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Thomas Gray to Philip Gray, [12 January 1741]

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We still continue constant at Florence, at present one of the dullest cities in Italy. Though it is the middle of the Carnival there are no public diversions; nor is masquerading permitted as yet. The Emperor's obsequies are to be celebrated publickly the 16th of this month; and after that, it is imagined every thing will go on in its usual course. In the mean time, to employ the minds of the populace, the Government has thought fit to bring into the city in a solemn manner, and at a great expence, a famous statue of the Virgin called the Madonna dell'Impruneta, from the place of her residence, which is upon a mountain seven miles off. It never has been practised but at times of public calamity; and was done at present to avert the ill effects of a late great inundation, which it was feared might cause some epidemical distemper. It was introduced a fortnight ago in procession, attended by the Council of Regency, the Senate, the Nobility, and all the Religious Orders, on foot and bare-headed, and so carried to the great church, where it was frequented by an infinite concourse of people from all the country round. Among the rest I paid my devotions almost every day, and saw numbers of people possessed with the devil, who were brought to be exorcised. It was indeed in the evening, and the church-doors were always shut before the ceremonies were finished, so that I could not be eye-witness of the event; but that they were all cured is certain, for one never heard any more of them the next morning. I am to-night just returned from seeing our Lady make her exit with the same solemnities she entered. The show had a finer effect than before; for it was dark; and every body (even those of the mob that could afford it) bore a white-wax flambeau. I believe there were at least five thousand of them, and the march was near three hours in passing before the window. The subject of all this devotion is supposed to be a large Tile with a rude figure in bas-relief upon it. I say supposed, because since the time it was found (for it was found in the earth in ploughing) only two people have seen it; the one was, by good luck, a saint; the other was struck blind for his presumption. Ever since she has been covered with seven veils; nevertheless, those who approach her tabernacle cast their eyes down, for fear they should spy her through all her veils. Such is the history, as I had it from the Lady of the house where I stood to see her pass; with many other circumstances; all which she firmly believes, and ten thousand beside.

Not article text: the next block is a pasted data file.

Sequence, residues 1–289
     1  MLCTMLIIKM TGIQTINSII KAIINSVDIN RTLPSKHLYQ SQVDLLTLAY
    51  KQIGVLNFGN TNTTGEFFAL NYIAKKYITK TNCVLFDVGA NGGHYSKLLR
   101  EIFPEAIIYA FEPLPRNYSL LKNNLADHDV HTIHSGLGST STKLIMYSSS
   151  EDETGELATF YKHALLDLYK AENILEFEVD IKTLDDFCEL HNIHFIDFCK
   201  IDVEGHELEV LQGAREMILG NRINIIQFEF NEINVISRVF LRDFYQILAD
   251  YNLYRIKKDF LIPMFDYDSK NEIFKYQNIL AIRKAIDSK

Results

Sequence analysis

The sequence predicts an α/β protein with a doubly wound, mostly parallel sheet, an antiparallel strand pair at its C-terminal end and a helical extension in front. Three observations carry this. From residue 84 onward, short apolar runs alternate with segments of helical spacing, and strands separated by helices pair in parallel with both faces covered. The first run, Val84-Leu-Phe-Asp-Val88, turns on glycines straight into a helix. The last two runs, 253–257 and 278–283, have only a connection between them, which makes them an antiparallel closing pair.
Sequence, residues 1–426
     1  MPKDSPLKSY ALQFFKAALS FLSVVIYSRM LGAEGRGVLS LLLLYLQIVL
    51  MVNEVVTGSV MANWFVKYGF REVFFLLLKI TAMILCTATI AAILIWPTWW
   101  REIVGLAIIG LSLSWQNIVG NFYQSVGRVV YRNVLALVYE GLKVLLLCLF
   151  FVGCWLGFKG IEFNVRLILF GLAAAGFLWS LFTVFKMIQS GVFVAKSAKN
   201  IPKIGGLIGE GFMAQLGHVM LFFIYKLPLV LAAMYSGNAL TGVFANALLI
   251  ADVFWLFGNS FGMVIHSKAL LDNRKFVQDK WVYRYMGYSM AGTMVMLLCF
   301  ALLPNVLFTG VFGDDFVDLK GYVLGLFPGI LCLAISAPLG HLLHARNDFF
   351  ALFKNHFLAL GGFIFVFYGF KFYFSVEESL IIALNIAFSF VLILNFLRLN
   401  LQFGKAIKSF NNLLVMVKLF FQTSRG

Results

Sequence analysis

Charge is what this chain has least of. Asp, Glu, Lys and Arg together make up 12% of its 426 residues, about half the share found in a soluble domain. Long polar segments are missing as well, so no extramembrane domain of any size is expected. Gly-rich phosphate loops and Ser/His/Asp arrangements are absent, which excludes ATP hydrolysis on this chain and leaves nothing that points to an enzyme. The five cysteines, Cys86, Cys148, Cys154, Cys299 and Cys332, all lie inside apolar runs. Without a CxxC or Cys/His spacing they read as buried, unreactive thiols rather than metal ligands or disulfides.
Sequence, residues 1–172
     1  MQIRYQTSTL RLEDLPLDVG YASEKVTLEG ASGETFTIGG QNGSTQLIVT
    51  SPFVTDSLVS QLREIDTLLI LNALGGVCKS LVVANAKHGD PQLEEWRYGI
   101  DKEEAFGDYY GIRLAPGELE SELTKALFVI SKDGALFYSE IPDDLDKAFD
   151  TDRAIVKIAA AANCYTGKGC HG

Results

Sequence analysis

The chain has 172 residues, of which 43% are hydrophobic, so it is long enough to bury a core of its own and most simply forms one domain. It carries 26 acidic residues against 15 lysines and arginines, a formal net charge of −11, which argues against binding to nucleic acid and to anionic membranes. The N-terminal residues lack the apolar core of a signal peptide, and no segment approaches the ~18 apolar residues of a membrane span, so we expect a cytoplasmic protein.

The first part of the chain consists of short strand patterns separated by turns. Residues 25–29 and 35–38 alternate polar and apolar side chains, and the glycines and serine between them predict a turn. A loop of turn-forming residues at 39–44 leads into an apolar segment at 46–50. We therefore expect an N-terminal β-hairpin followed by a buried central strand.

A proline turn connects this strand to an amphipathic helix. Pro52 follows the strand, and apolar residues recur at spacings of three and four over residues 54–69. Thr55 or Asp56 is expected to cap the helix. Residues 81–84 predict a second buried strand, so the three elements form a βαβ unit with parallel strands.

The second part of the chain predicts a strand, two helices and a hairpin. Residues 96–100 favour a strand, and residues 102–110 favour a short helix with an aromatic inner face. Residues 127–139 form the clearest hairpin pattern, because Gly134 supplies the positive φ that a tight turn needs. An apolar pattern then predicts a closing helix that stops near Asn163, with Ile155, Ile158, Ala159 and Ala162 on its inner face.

We shall go to Venice in about six weeks, or sooner. A number of German troops are upon their march into this State, in case the King of Naples thinks proper to attack it. It is certain he has asked the Pope's leave for his troops to pass through his country. The Tuscans in general are much discontented, and foolish enough to wish for a Spanish government, or any rather than this. [...]

Letter ID: letters.0109 (Source: TEI/XML)


Writer: Gray, Thomas, 1716-1771
Writer's age: 24
Addressee: Gray, Philip, 1676-1741
Addressee's age: 65[?]


Date of composition: [12 January 1741]
Date (on letter): [Jan. 12, 1741]
Calendar: Gregorian


Place of composition: [Florence, Italy]
Address (on letter): [Florence]


Language: English
Incipit: We still continue constant at Florence, at present one of the dullest...
Mentioned: Florence
Walpole, Horace, 1717-1797

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Availability: The original letter is unlocated, a copy, transcription, or published version survives

Print Versions

  • The Poems of Mr. Gray. To which are prefixed Memoirs of his Life and Writings by W[illiam]. Mason. York: printed by A. Ward; and sold by J. Dodsley, London; and J. Todd, York, 1775, letter xxix, section ii, 111-113
  • The Works of Thomas Gray, 2 vols. Ed. by Thomas James Mathias. London: William Bulmer, 1814, section II, letter XXIX, vol. i, 233-234
  • The Works of Thomas Gray, 2 vols. Ed. by John Mitford. London: J. Mawman, 1816, section II, letter XXXII, vol. ii, 115-116
  • The Letters of Thomas Gray, 2 vols. in one. London: J. Sharpe, 1819, letter XLVII, vol. i, 106-107
  • The Works of Thomas Gray, 5 vols. Ed. by John Mitford. London: W. Pickering, 1835-1843, section II, letter XXXII, vol. ii, 138-140
  • The Letters of Thomas Gray, including the correspondence of Gray and Mason, 3 vols. Ed. by Duncan C. Tovey. London: George Bell and Sons, 1900-12, letter no. XLVII, vol. i, 84-86
  • Correspondence of Thomas Gray, 3 vols. Ed. by the late Paget Toynbee and Leonard Whibley, with corrections and additions by H. W. Starr. Oxford: Clarendon Press, 1971 [1st ed. 1935], letter no. 96, vol. i, 179-181